By default, LinuxKit VMs get incrementally increasing IP addresses, but you can assign a fixed IP address with linuxkit run -ip. It's best to choose an IP address from the DHCP address range above, but care must be taken to avoid clashes of IP address.

NOTE: The LinuxKit VMs can not be directly accessed by IP address from the host. Enabling this would require use of the macOS vmnet framework, which requires the VMs to run as root. We don't consider this option palatable, and provide alternative options to access the VMs over the network below.

Accessing network services

hyperkit offers a number of ways for accessing network services running inside the LinuxKit VM from the host. These depend on the networking mode selected via -networking. The default mode is docker-for-mac where the same VPNkit instance is shared between LinuxKit VMs and the VM running as part of Docker for Mac.

Access from the Docker for Mac VM (-networking docker-for-mac)

The simplest way to access networking services exposed by a LinuxKit VM is to use a Docker for Mac container. For example, to access an ssh server in a LinuxKit VM, create a ssh client container from:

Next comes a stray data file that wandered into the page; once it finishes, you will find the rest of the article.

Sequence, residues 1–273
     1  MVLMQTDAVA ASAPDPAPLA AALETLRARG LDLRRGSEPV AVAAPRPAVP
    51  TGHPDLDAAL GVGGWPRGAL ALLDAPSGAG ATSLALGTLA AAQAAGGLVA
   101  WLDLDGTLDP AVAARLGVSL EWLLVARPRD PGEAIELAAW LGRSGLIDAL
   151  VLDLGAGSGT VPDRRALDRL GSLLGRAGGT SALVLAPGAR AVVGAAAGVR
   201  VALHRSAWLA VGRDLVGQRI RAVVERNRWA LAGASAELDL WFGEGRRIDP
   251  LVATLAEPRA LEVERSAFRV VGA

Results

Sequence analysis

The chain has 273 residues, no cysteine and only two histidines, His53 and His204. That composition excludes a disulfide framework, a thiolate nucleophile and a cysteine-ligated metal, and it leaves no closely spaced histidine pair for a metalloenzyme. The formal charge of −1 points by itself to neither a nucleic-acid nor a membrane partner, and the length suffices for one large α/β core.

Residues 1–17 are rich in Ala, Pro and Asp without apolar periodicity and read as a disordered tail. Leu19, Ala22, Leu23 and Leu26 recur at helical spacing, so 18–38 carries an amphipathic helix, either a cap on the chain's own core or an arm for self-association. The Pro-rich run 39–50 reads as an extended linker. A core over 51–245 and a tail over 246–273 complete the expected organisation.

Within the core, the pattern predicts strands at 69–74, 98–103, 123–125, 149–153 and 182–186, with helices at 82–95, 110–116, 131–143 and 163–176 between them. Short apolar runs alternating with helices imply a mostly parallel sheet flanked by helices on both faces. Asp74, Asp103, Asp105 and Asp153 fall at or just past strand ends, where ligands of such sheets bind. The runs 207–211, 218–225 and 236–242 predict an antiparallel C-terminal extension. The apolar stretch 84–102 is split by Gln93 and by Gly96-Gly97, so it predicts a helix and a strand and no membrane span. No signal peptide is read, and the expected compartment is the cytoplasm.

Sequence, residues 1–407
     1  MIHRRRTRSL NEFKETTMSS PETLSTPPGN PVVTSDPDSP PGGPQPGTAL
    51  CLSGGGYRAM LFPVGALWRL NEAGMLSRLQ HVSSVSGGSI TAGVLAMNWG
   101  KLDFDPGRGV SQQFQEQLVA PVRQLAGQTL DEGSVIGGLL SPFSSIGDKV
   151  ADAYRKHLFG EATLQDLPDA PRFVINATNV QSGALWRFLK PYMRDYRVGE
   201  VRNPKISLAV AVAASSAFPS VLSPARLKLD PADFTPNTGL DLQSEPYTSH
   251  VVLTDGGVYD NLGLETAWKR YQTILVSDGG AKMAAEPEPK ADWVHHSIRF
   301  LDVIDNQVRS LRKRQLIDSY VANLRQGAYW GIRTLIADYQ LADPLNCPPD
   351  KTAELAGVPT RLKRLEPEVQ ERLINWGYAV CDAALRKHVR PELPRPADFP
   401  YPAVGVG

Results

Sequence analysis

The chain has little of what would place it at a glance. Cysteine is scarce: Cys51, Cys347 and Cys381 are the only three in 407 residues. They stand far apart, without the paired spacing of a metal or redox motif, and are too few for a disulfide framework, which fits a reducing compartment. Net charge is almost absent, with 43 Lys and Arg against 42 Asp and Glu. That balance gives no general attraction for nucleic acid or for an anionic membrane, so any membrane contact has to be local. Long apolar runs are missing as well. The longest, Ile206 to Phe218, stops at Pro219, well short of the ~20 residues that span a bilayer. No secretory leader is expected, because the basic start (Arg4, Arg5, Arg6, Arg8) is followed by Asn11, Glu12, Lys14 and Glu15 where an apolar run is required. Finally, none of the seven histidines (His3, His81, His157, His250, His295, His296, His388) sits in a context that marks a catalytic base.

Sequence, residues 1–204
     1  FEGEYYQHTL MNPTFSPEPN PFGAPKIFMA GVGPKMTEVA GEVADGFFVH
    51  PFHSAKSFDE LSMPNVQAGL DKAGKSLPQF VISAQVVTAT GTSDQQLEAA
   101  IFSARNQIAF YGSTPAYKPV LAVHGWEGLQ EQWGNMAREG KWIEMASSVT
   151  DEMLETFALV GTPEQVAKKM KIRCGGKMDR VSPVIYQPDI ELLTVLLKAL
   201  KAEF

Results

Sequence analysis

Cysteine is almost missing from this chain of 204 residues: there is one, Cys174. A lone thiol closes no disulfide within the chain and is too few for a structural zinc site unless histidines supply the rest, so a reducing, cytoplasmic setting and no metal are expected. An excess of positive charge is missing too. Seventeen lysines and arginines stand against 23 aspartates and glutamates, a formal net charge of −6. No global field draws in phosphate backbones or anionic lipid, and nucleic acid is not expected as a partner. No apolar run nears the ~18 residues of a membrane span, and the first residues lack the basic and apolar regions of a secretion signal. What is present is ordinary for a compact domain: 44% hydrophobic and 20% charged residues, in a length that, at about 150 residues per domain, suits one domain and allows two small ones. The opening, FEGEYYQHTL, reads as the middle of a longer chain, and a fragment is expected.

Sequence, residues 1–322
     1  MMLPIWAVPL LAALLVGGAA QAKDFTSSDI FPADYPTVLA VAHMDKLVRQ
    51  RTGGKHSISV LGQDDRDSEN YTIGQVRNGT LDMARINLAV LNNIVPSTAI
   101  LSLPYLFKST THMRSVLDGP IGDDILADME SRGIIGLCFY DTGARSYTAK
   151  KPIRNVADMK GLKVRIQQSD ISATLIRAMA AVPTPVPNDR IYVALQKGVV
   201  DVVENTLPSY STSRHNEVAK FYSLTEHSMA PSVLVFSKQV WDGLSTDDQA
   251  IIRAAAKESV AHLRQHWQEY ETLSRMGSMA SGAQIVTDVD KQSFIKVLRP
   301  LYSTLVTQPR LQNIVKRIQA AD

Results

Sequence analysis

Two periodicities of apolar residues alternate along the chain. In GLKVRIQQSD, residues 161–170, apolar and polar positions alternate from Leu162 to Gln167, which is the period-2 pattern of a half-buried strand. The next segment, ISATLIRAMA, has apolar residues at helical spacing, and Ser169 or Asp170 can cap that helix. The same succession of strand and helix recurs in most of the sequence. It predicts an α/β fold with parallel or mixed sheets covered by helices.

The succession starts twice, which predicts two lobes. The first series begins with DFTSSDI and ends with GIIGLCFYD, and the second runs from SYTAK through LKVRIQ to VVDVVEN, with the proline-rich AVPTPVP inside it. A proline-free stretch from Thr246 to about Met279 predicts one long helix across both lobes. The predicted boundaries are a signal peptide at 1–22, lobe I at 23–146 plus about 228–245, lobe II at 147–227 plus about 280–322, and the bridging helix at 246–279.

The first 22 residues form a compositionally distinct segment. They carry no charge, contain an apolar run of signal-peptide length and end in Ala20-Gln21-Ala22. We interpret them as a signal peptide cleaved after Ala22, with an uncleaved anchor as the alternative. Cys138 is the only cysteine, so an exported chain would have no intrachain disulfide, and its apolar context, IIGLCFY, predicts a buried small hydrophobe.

FROM alpine:edge
RUN apk add --no-cache openssh-client

and then run

docker build -t ssh .
docker run --rm -ti -v ~/.ssh:/root/.ssh  ssh ssh <IP address of VM>

Forwarding ports with socat (-networking docker-for-mac)

A socat container on Docker for Mac can be used to proxy between the LinuxKit VM's ports and localhost. For example, to expose the redis port from the RedisOS example, use this Dockerfile:

FROM alpine:edge
RUN apk add --no-cache socat
ENTRYPOINT [ "/usr/bin/socat" ]

and then:

docker build -t socat .
docker run --rm -t -d -p 6379:6379 socat tcp-listen:6379,reuseaddr,fork tcp:<IP address of VM>:6379

Port forwarding with VPNKit (-networking docker-for-mac)

There is experimental support for exposing selected ports of the guest on localhost using the -publish command line option. For example, using -publish 2222:22/tcp exposes the guest TCP port 22 on localhost on port 2222. Multiple -publish options can be specified. For example, the image build from the sshd example can be started with:

linuxkit run -publish 2222:22/tcp sshd

and then you can log into the LinuxKit VM with ssh -p 2222 root@localhost.